The makers, have, nowadays all the interest to propagate thad different material will affect sound outcome , but our friend Pete Thomas has a nice Buescher ad stating exactly the opposite. Phil Barone , who sells mouthpieces, necks and horns also says that material does nothing to the sound..............:banghead:

Regardless, some will always choose to believe that

Silver is bright, copper is warm, gold is even warmer, that is logical, no? ........the earth is flat , anybody can see that!..............:shock:
 

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We are talking about pretty similar metals here. I often hear something like "the difference in sound is so small it is not discernable to the human ear." But if theres any difference at all then it blows away the argument that material doesnt affect sound. What about a sax made of lead or rubber or aluminium? And dont tell me charlie parker played a plastic sax. Those recordings are so old you cant tell anything from them.
 

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Well there you go. I think the consensus was that the two horns sounded different. The material may or may not have been a factor. But even if it was a small factor thats something. Heres something I just dont get about this whole argument so perhaps some of you acoustic wizards can help me(even though I probably wont understand.) Its about resonance. Sound resonates through or off of different materials in different ways. If you play in a room with alot of wood it sounds differnt than in a room with steel walls or padded room. Now I know this has to do with how the sound bounces or reflects but doesnt the same thing happen in a sax?
 

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Good question clwomack. I've got a question. Did Michael Brecker ever talk about why he used the silver neck on his tenor? Not that whatever he said was the last word. Just wondered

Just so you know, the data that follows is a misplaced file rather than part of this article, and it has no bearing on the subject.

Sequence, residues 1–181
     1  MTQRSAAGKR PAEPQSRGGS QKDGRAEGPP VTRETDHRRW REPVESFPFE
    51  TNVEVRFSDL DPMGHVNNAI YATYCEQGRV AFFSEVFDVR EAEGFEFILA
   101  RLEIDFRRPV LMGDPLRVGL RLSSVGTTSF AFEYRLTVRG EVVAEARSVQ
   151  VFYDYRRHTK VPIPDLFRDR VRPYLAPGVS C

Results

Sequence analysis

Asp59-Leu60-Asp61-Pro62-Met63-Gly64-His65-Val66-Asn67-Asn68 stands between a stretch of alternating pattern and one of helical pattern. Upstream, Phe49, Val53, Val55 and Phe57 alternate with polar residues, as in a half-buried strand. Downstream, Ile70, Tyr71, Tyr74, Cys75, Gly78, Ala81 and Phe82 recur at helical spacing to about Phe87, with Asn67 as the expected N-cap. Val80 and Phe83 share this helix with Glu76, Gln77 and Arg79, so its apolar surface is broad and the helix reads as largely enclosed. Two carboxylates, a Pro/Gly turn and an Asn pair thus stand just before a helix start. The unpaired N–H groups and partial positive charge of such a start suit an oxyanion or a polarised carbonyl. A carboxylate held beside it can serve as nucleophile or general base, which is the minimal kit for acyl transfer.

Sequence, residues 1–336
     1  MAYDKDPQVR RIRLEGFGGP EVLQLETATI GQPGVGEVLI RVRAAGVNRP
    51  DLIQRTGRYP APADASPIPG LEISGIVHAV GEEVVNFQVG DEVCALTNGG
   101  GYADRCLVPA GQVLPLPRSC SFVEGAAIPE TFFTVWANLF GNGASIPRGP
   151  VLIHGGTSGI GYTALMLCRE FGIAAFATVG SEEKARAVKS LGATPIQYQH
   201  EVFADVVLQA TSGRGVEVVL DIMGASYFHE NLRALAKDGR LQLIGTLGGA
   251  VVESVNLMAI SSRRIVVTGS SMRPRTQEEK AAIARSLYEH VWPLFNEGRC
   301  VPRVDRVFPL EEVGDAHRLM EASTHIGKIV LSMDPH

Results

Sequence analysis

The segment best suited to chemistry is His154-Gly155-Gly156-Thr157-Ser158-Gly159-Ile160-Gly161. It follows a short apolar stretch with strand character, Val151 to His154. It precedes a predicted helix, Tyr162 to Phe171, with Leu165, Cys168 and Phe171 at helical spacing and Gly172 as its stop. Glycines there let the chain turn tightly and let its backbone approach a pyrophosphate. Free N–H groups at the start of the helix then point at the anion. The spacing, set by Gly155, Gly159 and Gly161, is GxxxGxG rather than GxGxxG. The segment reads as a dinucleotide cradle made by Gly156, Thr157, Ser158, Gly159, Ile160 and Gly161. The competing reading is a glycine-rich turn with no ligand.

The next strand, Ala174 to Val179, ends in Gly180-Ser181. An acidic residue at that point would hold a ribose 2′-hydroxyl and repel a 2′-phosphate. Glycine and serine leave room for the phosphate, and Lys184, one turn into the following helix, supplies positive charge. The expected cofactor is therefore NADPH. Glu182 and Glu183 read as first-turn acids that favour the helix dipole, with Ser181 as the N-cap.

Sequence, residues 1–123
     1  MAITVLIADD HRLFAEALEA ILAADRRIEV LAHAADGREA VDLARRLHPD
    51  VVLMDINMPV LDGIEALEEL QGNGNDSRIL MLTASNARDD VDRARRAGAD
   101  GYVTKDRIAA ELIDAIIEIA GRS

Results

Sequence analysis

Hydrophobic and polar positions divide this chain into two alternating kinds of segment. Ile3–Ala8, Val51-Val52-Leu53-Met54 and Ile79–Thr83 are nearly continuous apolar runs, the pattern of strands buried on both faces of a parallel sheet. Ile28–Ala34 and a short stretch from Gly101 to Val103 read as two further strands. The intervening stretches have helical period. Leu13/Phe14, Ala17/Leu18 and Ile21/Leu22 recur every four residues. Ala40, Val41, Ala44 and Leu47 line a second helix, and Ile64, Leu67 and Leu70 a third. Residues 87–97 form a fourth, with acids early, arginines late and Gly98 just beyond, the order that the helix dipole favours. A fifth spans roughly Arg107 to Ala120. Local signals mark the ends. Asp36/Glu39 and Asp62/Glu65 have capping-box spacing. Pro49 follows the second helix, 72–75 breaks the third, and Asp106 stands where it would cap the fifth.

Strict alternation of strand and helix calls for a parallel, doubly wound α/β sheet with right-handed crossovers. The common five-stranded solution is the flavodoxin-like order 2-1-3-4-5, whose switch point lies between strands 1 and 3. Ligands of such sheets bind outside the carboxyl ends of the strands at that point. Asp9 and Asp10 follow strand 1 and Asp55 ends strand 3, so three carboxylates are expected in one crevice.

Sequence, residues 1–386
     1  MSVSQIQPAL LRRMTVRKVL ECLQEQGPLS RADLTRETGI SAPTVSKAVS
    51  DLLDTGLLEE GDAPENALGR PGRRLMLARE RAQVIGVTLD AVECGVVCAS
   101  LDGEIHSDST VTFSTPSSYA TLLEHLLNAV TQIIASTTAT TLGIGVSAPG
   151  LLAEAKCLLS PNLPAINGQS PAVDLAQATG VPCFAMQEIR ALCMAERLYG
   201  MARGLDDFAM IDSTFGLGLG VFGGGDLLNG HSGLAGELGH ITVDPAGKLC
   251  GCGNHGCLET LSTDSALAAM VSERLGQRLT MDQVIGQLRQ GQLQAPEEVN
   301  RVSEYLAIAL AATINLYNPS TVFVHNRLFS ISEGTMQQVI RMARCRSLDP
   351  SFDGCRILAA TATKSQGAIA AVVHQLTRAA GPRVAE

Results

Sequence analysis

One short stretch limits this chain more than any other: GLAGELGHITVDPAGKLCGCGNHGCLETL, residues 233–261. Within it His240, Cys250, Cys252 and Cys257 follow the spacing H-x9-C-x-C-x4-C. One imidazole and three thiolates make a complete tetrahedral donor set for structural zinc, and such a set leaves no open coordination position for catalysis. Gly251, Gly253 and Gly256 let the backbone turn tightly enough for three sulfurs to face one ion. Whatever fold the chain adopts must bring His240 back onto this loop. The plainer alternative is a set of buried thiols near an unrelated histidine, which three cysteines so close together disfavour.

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yes, I have read somewhere the story, Brecker had lost or damaged the neck of his saxophone and while in Paris he went to see Selmer at their showroom and spent several hours going through necks in no particular order and the one which sounded best he took with him. That sparkled the new fashion of the aftermarket necks.
 

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Well there you go. I think the consensus was that the two horns sounded different.
Yes, butthere were several comments that the plastic saxophone sounded more like a typical saxophone.

And many comments thought they sounded extremely similar.
 

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Yes, butthere were several comments that the plastic saxophone sounded more like a typical saxophone.

And many comments thought they sounded extremely similar.
Well Pete I did say the material may or may not have been a factor. After all, its two completely different horns right? I mean the Grafton is not a copy of the Buescher, right? So they are gonna sound different because of that. My point is, even if its a tiny difference, its still a difference.
So, what is sound difference between plastic and metal resonators? Would there be a difference if the resonators were covered with felt or some other dampening material? Assuming of course this could be done and pads still close properly.
 

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I knew we were gonna come to quote the immortal words of the great Yogi Berra " It's deja vu all over again.........."
 

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Well sorry this bugs you so much Milandro. But just because the issue has been discussed over and over, does that invalidate what Im saying. since you brought up flat earth earlier,Im sure scientists who once thought the sun revolved around the earth and the earth was the center of the universe thought the same way. They knew they had dispelled earlier theorys like flat earth and probably thought, "well thats it, problem solved". Hell, they even had tons of data and could predict the movement of stars and planets through the sky based all on this faulty theory. But they were wrong. They were on to something, but they were still wrong. To me, its just like everyone who thinks this issue has been solved and should be put to rest.
 

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No, it doesn't bug me at all.......... also the resonators thing has been much discussed